One of the problems with our public discourse is that a huge portion of it is completely illogical. Logic is as basic to good, rational thinking as addition facts are to math. But nearly nobody learns logic in school anymore. This week, I actually had someone tell me that logical fallacies are "subjective." She didn't like what I was saying, so she tried to make it untrue. However, that thinking is as wishful as the child who tries to deny that 1+1=2.
We were discussing this article. Whatever your opinions about vaccinations, this article is fantastic for the study of logical fallacies. So much so that I plan to print it out and save it for when we do the study of logic in a few years. Honestly, I don't blame this mom for being irrational. She is clearly grieving the loss of her oldest, worries for her second child's health, and is terrified about what's going to happen to her newborn, following a possible measles exposure. And all this is going on while her brain is steeping in the postpartum hormone stew. Nope, I don't blame her one bit for being irrational. It is highly unlikely that I would do any better at all, in her place. That's a tough spot, and I have a lot of sympathy for her.
But she's still irrational.
Her words on Facebook have gone somewhat viral, and there's a whole lot of people looking at them and nodding their heads. It is indicative of the serious failings of public schools that so few seem able to see the many deep flaws in the thinking. But they don't; if they did the post wouldn't be viral. Even some very smart people who are supposed to be very well educated are falling prey to it. This showed up in my feed, posted by a woman who was valedictorian of my sister's class. Her comment? "Well said." Though I like the girl that posted it, I have to disagree with her assessment. This piece is irrational. And if we are to keep our freedoms, we absolutely must do better than the emotional gibberish that this article typifies.
In a couple years, I will ask my kids to look at this and other news items, and identify the logic faults. Name the fallacies, and explain how the piece they are looking at exemplifies that flaw. I am doing the same exercise here. If you haven't already, it may be useful to read the complete original. Most of my fallacies have been taken from this Intellectual Self Defense list, though a few do come from other places. I've tried to link those to an explanation.
Logical fallacy #1: False Cause
She blames *all* non-vaccinators for the (possible) exposure of her child, even though she knows nothing about the sick child.
Logical Fallacy #2: Begging the Question
She takes as a premise the safety and reliability of vaccines, and then tries to use that to prove... the safety and reliability of vaccines. It doesn't work. You can't prove a thing simply by repeating it in slightly different words.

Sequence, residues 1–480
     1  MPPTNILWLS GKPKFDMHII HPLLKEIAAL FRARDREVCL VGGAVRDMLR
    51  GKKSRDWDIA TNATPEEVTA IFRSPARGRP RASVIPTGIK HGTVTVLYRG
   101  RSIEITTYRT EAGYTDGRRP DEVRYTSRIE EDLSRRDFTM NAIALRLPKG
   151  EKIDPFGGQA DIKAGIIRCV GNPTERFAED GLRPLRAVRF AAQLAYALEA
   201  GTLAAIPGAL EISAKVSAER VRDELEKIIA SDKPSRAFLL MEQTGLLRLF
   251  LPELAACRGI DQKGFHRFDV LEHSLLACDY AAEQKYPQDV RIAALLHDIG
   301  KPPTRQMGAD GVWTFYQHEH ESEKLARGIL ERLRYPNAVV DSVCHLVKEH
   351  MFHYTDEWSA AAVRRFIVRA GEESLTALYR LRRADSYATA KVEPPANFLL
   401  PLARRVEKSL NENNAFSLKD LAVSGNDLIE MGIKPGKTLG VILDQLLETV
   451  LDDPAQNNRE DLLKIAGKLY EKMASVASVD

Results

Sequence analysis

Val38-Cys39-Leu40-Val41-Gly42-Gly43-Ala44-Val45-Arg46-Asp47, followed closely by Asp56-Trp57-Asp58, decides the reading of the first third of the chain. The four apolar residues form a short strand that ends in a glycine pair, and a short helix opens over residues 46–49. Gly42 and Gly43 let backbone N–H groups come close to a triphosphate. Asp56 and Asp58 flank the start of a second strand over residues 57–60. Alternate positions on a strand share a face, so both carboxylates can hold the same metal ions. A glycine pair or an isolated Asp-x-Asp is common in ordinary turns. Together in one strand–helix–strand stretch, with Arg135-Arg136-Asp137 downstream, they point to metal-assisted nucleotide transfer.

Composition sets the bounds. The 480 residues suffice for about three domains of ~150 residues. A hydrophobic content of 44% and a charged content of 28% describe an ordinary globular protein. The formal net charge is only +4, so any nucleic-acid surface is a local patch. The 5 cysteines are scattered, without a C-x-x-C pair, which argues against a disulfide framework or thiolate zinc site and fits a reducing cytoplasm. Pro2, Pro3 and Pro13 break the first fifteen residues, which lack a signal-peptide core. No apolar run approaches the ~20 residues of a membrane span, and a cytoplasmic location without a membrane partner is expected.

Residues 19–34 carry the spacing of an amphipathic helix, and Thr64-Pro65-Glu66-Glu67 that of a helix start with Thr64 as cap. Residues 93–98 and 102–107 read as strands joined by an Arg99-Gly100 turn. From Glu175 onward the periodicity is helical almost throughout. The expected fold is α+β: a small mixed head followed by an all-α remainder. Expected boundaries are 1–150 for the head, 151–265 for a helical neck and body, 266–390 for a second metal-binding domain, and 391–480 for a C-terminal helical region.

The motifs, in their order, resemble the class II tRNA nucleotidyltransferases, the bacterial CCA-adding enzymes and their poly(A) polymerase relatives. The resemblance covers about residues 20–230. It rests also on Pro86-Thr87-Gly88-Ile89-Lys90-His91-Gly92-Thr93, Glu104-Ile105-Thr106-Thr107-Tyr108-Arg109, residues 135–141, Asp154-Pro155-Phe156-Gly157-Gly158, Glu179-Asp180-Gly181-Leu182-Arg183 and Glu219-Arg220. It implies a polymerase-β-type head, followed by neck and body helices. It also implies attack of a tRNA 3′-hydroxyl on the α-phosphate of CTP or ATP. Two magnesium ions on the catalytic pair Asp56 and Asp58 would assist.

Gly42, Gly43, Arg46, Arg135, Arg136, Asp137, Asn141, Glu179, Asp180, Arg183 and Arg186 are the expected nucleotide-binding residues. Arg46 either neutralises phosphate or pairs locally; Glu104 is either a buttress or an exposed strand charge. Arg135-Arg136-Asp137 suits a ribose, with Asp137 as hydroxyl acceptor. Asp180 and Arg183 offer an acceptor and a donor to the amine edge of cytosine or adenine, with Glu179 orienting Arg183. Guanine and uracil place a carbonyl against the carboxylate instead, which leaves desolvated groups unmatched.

Logical Fallacy #3: Ad Hominem.
This one is to attack the person, rather than the argument. "...then I am happy to call you an imbecile as well as misinformed." Classic. She's not even *trying* to address the actual concerns of non-vaxxers. She's just calling names. In addition to being a bad, non-persuasive argument, it's just plain old bad manners.
Logical Fallacy#4: Ad Misericordiam.
This fallacy is an irrelevant or exaggerated appeal to our sympathy. She herself said that her daughter's death is unrelated to the vaccine question. "The fact is, there was no vaccine for her. Not for her illness." But we're not supposed to notice that, because "she died. She died and now she is gone." She's invoking a strong societal norm (it's rude to argue with a grieving mother) to quash any dissent. It's not an argument; it's manipulating the situation to discredit any dissenters by making them appear heartless. It's common enough in our public discourse, but it only works because the vast majority don't reason well.
Logical Fallacy #5: Confirmation Bias.
This is only accepting evidence that confirms what you already believe, and she's not shy about it. "There is no, none, nada, nothing in science that proves this. If you want to use google instead of science to 'prove me wrong' then I am happy to call you an imbecile as well as misinformed." She's come right out and said, in the most insulting way she can, that there is no evidence that will persuade her to reconsider. She announces her bias, loud and clear.
There are others. Straw Man. Red Herring. Appeal to Authority. Misleading Vividness. And so on. We've all but banished logic from our schools. Rather than examining fallacies and propaganda, in order to avoid them, our schools are teaching them, explicitly, as "persuasion" techniques. Really, it's no wonder that our public discourse consists of so much of bullying the opposition into silence.
I sympathize with this mom's anger and pain. What she is going through is enough to make almost anyone a little crazy. She wrote this in a moment of intense stress. But it doesn't make her premise or her arguments logically sound. Nor does it bring any justice to her blame. A sizable percent (I believe it's around 1/3) of measles cases are in the vaccinated population, and it's not unheard of for the recently vaccinated to "shed" the germs. There is no way to know which way those odd ran. I don't blame her for her poor logic, or even making for her rant public; she is grieving, terrified, and in the throes of the dramatic postpartum hormone shifts. It's a perfect storm, and she can easily be excused for her irrationality. I certainly can't guarantee that I'd do any better in the same place; I, too, know a thing or two about grief, and know from experience that it does not lend to clear thinking. But our public discourse must be better than irrational, emotional tirades. Alexander Hamilton had the right of it:
"For in politics, as in religion, it is equally absurd to aim at making proselytes by fire and sword. Heresies in either can rarely be cured by persecution." (Federalist #1)